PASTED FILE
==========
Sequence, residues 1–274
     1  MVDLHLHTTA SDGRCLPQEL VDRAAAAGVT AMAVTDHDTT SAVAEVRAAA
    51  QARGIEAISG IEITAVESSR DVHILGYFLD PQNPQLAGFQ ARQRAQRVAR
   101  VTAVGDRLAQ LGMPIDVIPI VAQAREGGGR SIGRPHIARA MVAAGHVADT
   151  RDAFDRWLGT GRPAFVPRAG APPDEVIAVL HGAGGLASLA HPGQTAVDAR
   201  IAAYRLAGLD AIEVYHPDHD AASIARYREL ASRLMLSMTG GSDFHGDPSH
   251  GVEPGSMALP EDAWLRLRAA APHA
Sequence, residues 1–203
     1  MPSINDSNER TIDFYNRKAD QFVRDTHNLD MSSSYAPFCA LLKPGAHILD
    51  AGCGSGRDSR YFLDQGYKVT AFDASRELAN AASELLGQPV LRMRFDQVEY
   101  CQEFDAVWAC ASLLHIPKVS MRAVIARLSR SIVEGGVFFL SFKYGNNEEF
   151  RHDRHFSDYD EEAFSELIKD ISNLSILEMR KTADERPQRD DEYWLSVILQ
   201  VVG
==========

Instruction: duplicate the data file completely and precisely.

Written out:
Sequence, residues 1–274
     1  MVDLHLHTTA SDGRCLPQEL VDRAAAAGVT AMAVTDHDTT SAVAEVRAAA
    51  QARGIEAISG IEITAVESSR DVHILGYFLD PQNPQLAGFQ ARQRAQRVAR
   101  VTAVGDRLAQ LGMPIDVIPI VAQAREGGGR SIGRPHIARA MVAAGHVADT
   151  RDAFDRWLGT GRPAFVPRAG APPDEVIAVL HGAGGLASLA HPGQTAVDAR
   201  IAAYRLAGLD AIEVYHPDHD AASIARYREL ASRLMLSMTG GSDFHGDPSH
   251  GVEPGSMALP EDAWLRLRAA APHA
Sequence, residues 1–203
     1  MPSINDSNER TIDFYNRKAD QFVRDTHNLD MSSSYAPFCA LLKPGAHILD
    51  AGCGSGRDSR YFLDQGYKVT AFDASRELAN AASELLGQPV LRMRFDQVEY
   101  CQEFDAVWAC ASLLHIPKVS MRAVIARLSR SIVEGGVFFL SFKYGNNEEF
   151  RHDRHFSDYD EEAFSELIKD ISNLSILEMR KTADERPQRD DEYWLSVILQ
   201  VVG